Choose a Timely Exit

You wouldn’t normally sell a house when it’s in poor condition. Instead, you’d deep clean it, apply new paint, and address any significant red flags that might dissuade buyers. Selling a business is no different. Ideally, you should explore an exit when the company looks robust, with strong sales and a diversified customer base. The latter is important because many buyers will be wary if a single client is responsible for a large percentage of revenue.

To make the business look as attractive as possible, try to boost sales about a year out from your projected exit. Additionally, you should make sure your business isn’t experiencing any staffing or personnel issues at your proposed time of exit and modernize all operating systems.

Find the Right CT Business Broker Firm

For many business owners, attempting to go it alone will place them at a significant disadvantage. Let’s take a quick look at the areas where a business owner may struggle without the guidance and assistance of a broker:

  • Sourcing Buyers – Finding qualified buyers is a core task for any transaction. Unfortunately, most business owners know little about preparing a company for sale and marketing it to buyers. The right business broker, however, keeps a database of qualified buyers and has a network to leverage when it comes time to source interested candidates. Just as importantly, the right business broker also knows how to evaluate prospective buyers. They can discern who is serious and who may be just nibbling, as well as who has the financial qualifications to close the deal.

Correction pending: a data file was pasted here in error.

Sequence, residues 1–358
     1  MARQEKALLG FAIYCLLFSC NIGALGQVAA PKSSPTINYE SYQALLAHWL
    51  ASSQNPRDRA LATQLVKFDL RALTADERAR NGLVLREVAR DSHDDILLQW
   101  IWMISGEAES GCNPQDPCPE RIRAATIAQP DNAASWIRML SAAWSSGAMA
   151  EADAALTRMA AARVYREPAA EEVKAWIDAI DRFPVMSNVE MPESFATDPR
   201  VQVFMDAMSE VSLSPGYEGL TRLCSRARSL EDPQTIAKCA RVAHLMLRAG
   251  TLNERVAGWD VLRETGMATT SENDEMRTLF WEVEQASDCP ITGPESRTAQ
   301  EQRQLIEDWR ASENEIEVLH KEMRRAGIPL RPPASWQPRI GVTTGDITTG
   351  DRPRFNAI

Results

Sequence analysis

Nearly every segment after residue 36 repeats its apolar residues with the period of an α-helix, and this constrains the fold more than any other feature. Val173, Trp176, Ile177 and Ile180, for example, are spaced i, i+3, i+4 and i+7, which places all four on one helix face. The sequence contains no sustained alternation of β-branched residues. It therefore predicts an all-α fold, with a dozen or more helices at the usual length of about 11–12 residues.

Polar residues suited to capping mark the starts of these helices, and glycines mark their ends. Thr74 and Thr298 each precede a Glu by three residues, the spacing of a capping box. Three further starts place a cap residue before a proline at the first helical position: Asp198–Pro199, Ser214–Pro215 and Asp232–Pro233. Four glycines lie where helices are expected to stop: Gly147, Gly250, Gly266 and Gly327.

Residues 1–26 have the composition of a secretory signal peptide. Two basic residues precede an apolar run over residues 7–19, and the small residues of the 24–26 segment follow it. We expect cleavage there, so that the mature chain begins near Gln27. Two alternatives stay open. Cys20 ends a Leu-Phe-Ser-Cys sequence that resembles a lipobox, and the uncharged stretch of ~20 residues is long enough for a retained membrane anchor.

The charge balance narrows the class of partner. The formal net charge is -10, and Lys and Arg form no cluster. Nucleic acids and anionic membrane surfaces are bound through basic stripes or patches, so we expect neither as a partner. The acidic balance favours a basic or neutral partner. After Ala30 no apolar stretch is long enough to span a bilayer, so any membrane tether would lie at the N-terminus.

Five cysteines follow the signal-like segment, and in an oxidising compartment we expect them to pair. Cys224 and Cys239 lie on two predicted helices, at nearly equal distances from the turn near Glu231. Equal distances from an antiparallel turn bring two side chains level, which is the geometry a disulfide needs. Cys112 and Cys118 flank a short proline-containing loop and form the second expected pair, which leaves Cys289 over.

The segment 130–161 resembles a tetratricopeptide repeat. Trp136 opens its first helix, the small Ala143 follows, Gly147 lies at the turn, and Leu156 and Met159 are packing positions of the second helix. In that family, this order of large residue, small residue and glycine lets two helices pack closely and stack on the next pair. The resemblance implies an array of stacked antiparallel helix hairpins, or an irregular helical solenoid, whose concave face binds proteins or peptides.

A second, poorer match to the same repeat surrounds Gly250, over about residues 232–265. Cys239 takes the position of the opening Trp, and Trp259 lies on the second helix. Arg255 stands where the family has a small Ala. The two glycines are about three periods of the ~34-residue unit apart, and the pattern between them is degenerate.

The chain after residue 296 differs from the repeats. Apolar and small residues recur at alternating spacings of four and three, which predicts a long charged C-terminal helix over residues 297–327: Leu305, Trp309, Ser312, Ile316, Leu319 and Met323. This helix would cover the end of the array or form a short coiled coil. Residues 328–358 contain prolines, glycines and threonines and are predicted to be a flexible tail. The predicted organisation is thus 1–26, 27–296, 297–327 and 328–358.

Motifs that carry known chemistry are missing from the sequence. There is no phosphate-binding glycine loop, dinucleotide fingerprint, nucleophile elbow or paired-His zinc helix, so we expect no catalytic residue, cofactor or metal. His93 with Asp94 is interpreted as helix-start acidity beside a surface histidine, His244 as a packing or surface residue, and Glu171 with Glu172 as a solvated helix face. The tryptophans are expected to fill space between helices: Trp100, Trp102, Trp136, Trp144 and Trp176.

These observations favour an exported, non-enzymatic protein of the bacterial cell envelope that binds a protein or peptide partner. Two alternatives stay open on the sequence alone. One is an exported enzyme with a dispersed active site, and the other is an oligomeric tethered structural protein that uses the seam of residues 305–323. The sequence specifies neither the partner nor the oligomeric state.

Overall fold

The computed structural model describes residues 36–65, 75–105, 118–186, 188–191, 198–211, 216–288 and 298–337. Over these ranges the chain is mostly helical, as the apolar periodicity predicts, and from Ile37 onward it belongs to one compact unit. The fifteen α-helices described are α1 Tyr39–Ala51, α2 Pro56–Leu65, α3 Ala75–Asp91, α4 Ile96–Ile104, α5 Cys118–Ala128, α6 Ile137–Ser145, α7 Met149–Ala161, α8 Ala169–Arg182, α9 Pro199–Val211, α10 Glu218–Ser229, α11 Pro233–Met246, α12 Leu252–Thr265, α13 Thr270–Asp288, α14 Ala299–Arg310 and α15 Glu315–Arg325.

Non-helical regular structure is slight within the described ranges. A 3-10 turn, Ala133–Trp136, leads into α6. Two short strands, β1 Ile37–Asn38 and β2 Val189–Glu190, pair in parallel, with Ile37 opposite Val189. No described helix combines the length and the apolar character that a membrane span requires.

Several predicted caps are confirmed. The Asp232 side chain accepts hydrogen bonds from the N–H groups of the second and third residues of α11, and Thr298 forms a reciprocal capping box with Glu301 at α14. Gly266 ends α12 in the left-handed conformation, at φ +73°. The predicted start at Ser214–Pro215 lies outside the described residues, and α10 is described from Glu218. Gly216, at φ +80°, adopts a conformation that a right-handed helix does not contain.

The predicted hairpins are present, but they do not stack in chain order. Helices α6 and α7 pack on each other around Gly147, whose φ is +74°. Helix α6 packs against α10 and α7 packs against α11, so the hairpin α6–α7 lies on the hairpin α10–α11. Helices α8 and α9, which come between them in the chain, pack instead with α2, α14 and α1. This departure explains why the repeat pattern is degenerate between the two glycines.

• Negotiating Terms – Negotiating is an art – and many business owners have little experience on either side of the table. Knowing what to ask for, when to push, and when to concede are all critical skills in terms of closing a deal. The right business broker can profoundly improve your negotiating position simply by having extensive expertise in deal-making. Without informed and skilled negotiation, you run the risk of settling for far less than what your business is truly worth.
  • Closing a Deal – Agreeing on a number isn’t the end of the road. The buyer will still need up to 120 days to perform their due diligence, negotiate a Purchase & Sale Agreement, and secure financing. A business broker can play an integral role in ensuring that deals don’t fall apart once the terms have been negotiated.

Why VR New Haven is the Right Choice

Selling a professional service business can be a challenge. However, an experienced broker like VR New Haven can make the process as seamless as possible, while helping to ensure that you receive full value.

Our 9 step sales process is designed to help you arrive at the right valuation, negotiate the best terms, and close the deal with minimal turbulence. If you want to sell a law firm, marketing agency, or any other type of professional service business, call us today to learn how easy it can be.